I think it’s human nature to hide our weaknesses. We all want to appear the best, that we know what we are doing, that we have it all together. (This goes for teaching but also for life in general.) But reality check: we are all human, we all make mistakes, we are not perfect, nor will we ever be. We physically cannot be good at everything. And attempting to be perfect leads to a major struggle trying to maintain that image. I’m starting to wonder if we would all be better off if we displayed our weaknesses as well as our strengths. Having them out in the open allows us to work on them and get help from others whose strength is the same as our weakness. Something I’m trying to teach my third graders this year is that we learn from our mistakes! So let’s start learning!


Well, enough beating around the bush: Language Arts is my teaching weakness.  Third grade is a crucial reading year where we transition from learning to read, to reading to learn. We only have an hour a day for reading and 30 minutes, four times a week for writing.

JPG-Teaching-reading-is-rocket-science-Louisa-MoatsLanguage Arts at our school also has the most curricular programs of any subject: Core Knowledge for sayings and stories, Reading Street for comprehension strategies, Words Their Way for spelling, Daily Language Instruction for grammar, Lucy Calkins for writing, and use a Daily 5 Structure.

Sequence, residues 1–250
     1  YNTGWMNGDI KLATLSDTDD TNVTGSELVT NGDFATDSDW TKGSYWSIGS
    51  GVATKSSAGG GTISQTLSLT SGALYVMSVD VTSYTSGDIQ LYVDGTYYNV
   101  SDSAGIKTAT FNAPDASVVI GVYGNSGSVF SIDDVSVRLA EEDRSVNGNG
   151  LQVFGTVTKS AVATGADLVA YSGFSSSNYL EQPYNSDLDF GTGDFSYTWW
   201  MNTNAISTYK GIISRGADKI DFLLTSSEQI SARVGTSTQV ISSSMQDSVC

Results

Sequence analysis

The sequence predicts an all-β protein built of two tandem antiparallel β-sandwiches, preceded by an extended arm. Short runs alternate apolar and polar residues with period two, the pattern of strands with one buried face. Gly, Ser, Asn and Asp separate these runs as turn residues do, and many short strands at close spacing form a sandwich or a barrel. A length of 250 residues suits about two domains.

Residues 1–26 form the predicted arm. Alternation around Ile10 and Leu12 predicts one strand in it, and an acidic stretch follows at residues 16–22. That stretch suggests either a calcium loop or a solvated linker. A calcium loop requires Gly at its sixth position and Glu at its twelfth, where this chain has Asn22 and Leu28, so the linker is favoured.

Every week we are expected to teach reading comprehension, writing, and grammar, meet with guided reading groups, meet with literature circles, meet with spelling groups, fluency read with kids one-on-one, writing conference with kids one-on-one, and provide tier two interventions for all our below grade level kids.

Then for reading testing we do spelling, reading, and DLI tests weekly. At the beginning, middle, and end of the year we give iReady online reading testing, CARS comprehension tests, DRA2 for students below grade level in reading, and Words Their Way assessments. And that doesn’t include PARCC testing, ACT Aspire Testing, and CogAT Testing that we also give.

It makes my head spin just trying to wrap my brain around all of it. I create schedule after schedule trying to fit it all in and there just never seems to be enough time!

And now I have a confession to make: this is not a post where I explain how I solved my language arts weakness and now I’m an amazing language arts teacher! It’s still a subject that I struggle with. But I’m working on it. My team and I have set our student achievement goal on writing, so we’re working together to become better teachers. And I keep researching and reworking my reading schedule trying to find what is best for my students. It’s a work in progress, and I admit that.


What’s your teaching weakness? 



One response to “Weakness

  1. My teaching weakness is slowing down to enjoy the kids being kids. I tend to get caught up in the go go go and not take in their laughs, crazy jokes, long stories, and playful hearts.

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